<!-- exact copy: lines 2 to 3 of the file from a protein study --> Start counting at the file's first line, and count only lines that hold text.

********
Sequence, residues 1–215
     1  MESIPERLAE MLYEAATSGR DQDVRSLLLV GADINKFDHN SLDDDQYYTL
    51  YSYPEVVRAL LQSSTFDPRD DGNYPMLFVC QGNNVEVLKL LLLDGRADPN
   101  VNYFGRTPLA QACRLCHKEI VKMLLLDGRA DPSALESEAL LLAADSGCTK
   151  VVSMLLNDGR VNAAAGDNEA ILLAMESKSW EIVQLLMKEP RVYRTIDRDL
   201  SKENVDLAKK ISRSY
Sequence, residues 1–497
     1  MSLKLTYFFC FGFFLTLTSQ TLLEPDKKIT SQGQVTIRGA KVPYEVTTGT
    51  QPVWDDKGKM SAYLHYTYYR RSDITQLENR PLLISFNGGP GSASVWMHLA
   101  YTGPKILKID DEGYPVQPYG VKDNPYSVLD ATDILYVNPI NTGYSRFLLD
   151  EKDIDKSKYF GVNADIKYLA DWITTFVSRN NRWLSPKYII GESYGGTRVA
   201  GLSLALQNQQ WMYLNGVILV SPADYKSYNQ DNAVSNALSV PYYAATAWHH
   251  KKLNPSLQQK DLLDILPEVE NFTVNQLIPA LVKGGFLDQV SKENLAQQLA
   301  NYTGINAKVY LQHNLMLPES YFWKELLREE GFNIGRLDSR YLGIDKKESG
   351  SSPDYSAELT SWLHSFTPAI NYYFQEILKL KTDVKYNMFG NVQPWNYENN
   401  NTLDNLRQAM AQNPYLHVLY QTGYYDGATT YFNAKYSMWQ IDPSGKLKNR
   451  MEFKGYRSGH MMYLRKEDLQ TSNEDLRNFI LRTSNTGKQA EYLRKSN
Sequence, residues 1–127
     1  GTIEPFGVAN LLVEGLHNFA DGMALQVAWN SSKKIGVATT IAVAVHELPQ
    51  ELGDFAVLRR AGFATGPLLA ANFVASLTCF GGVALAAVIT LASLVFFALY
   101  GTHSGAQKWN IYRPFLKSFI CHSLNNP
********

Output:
     1  MESIPERLAE MLYEAATSGR DQDVRSLLLV GADINKFDHN SLDDDQYYTL
    51  YSYPEVVRAL LQSSTFDPRD DGNYPMLFVC QGNNVEVLKL LLLDGRADPN